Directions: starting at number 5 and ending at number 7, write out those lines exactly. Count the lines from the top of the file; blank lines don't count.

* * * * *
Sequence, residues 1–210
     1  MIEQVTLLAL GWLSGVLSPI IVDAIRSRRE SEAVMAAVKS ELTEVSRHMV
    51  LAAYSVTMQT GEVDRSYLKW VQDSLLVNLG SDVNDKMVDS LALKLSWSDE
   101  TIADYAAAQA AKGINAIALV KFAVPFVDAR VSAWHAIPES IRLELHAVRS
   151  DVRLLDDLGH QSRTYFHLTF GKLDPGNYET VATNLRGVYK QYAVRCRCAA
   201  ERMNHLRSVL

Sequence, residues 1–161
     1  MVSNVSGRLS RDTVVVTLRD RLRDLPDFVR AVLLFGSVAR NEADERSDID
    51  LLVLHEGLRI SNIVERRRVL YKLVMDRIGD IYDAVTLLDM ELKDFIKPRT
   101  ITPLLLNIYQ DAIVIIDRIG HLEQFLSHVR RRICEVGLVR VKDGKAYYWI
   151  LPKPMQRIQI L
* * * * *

   151  DVRLLDDLGH QSRTYFHLTF GKLDPGNYET VATNLRGVYK QYAVRCRCAA
   201  ERMNHLRSVL

Sequence, residues 1–161